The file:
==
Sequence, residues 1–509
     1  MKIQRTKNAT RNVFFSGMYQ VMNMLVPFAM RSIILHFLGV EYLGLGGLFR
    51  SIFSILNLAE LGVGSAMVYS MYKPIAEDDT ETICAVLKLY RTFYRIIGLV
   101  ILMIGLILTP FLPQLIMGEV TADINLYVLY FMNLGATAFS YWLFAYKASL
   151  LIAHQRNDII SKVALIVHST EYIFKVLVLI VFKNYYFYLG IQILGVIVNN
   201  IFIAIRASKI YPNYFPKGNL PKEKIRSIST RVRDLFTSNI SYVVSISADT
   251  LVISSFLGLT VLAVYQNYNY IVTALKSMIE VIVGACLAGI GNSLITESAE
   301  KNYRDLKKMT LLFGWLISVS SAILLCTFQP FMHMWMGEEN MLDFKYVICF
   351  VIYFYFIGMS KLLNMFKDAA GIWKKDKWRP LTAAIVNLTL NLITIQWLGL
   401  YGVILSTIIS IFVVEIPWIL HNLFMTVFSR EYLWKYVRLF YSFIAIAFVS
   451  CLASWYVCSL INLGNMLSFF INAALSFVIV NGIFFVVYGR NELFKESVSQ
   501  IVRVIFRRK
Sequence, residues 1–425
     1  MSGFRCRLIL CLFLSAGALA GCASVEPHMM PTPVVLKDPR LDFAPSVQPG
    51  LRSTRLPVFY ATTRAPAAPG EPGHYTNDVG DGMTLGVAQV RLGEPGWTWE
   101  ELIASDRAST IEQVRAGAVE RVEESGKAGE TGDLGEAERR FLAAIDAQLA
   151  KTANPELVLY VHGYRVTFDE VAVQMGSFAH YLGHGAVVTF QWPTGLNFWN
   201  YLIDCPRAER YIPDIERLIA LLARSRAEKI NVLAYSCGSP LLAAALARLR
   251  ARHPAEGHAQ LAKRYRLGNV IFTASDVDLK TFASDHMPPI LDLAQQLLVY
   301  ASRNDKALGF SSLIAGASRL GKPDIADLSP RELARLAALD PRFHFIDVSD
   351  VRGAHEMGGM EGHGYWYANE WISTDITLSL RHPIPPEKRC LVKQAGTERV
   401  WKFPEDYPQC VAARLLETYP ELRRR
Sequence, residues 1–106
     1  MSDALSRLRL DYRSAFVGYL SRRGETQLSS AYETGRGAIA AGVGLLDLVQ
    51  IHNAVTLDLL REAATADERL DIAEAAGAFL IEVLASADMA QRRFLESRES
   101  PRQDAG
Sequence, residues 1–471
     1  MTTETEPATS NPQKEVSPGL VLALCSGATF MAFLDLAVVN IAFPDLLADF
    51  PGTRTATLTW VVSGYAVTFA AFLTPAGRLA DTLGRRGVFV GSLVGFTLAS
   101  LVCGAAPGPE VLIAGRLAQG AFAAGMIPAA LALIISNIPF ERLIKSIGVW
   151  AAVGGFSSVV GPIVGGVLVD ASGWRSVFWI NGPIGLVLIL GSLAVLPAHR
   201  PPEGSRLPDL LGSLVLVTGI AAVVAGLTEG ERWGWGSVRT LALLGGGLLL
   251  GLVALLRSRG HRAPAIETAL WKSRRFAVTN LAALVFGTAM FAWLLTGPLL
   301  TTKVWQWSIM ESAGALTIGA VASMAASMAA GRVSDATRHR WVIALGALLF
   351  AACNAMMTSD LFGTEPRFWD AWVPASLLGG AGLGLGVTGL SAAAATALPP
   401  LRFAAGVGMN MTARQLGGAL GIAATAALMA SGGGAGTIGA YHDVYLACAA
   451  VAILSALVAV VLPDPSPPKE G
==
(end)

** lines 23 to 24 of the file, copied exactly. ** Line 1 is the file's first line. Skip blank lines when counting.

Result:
Sequence, residues 1–106
     1  MSDALSRLRL DYRSAFVGYL SRRGETQLSS AYETGRGAIA AGVGLLDLVQ